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Wallace wants Bush interview to keep up streak

Retiring ‘60 Minutes’ reporter interviewed every President since Kennedy
/ Source: The Associated Press

Before he retires from “60 Minutes,” Mike Wallace seems to have a better shot at interviewing the president of Iran than the president of the United States.

It’s not an obsession — more like a frustration — but the 87-year-old Wallace, who has interviewed every sitting president since Kennedy, is renewing his effort to sit down with President Bush.

“I’ve never even shaken hands with the man,” said Wallace, who announced last week he was retiring this spring as a correspondent for the CBS newsmagazine.

Ever competitive, Wallace is still shooting for some newsmaking interviews, and isn’t beyond using his senior status to get the story.

He expressed optimism about getting to talk soon to Iranian President Mahmoud Ahmadinejad. Such an interview would recall one of his career triumphs: his 1979 interview with Iran’s Ayatollah Khomeini following the taking of American hostages.

Wallace said he first tried to speak to Bush when the president was governor of Texas, for a “60 Minutes” story on legal reforms. But, he said, he was turned down by Bush aide Karl Rove.

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Several subsequent requests to speak to the president have also been rejected, Wallace said. The most recent was a few months ago, but he said he planned to ask again after making his retirement announcement.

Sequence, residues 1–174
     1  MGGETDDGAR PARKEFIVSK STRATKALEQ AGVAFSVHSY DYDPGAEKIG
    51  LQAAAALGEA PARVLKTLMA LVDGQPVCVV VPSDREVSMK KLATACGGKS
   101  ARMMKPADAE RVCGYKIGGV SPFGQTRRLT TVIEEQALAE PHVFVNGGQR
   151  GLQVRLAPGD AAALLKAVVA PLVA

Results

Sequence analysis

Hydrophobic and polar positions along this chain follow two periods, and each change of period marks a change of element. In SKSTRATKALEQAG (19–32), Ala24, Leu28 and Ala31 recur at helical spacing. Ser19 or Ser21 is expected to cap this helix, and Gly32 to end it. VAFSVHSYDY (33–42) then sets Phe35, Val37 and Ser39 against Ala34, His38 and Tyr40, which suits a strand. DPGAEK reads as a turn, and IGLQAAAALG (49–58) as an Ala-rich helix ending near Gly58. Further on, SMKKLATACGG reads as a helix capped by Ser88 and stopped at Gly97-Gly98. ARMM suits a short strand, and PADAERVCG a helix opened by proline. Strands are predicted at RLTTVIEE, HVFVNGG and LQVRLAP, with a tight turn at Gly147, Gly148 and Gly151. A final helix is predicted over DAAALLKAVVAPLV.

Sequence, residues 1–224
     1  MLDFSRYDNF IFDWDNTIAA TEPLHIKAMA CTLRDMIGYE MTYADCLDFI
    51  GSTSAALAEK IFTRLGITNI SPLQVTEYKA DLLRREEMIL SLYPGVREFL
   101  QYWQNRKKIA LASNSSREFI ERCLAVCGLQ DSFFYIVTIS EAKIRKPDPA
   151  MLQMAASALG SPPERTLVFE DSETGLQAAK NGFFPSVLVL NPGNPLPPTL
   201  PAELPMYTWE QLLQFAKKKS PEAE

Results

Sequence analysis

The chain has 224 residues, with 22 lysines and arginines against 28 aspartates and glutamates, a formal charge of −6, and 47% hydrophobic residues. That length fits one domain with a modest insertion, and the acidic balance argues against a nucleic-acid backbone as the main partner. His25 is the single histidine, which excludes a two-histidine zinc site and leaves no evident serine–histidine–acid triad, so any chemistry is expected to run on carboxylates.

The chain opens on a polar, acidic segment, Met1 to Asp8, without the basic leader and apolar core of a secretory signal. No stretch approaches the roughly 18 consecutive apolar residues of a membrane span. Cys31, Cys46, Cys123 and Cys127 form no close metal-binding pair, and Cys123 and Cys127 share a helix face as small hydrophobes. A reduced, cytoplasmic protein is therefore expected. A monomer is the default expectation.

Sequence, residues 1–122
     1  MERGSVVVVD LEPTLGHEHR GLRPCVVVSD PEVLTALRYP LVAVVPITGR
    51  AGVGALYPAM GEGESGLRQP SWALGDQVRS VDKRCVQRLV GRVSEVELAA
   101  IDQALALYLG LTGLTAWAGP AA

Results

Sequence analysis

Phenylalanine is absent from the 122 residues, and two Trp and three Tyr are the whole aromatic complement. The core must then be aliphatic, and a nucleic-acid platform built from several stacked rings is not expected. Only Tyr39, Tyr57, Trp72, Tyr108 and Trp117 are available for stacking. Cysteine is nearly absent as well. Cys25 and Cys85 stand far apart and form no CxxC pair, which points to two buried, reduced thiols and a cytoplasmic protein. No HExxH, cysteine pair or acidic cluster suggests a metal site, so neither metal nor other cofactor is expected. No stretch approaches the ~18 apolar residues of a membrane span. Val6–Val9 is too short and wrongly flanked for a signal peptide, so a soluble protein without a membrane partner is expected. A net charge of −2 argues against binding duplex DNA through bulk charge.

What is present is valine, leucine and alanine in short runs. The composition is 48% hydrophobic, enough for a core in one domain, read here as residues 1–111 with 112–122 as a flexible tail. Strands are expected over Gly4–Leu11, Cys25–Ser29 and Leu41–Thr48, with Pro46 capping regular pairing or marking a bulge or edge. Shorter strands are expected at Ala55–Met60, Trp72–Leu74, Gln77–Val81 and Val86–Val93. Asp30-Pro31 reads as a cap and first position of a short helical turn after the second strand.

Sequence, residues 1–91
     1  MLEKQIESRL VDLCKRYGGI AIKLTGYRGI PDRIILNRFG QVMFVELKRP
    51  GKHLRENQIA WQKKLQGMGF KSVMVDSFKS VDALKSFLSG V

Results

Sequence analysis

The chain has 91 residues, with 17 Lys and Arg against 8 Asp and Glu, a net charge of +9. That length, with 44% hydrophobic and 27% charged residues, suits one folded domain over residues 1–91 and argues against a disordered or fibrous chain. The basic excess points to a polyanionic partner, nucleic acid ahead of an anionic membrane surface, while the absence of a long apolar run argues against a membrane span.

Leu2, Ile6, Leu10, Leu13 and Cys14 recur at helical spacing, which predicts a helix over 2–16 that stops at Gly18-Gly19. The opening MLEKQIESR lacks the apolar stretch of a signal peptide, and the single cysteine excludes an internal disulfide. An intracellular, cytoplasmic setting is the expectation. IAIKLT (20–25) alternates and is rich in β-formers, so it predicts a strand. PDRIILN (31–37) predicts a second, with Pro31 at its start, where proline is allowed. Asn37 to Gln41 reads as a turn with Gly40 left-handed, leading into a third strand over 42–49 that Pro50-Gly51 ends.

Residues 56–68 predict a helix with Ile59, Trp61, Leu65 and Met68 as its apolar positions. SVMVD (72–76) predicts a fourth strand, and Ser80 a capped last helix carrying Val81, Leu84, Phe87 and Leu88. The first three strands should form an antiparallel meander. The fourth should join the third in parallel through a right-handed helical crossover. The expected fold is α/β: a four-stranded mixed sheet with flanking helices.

Calls to White House counselor Dan Bartlett’s office about Wallace were not immediately returned.

Wallace’s desire to speak to Bush was plain in his memoir, “Between You and Me,” published last fall. The book’s last line was a request: “So how about it, Mr. President, isn’t it time you gave this old man a break?”

Wallace might not have helped his cause by describing the White House as “secretive” and “stonewalling” in an interview with National Public Radio last fall, or by saying Bush is “obviously an incurious man” while talking to The Associated Press on Wednesday.

He later called back to amend that remark with some praise for how the president handled himself during question-and-answer sessions with the public and press this week.

“He’s been damned good,” he said. “There’s nothing you can ask him that he’s not totally familiar with. It’s totally different. He’s a pro now.”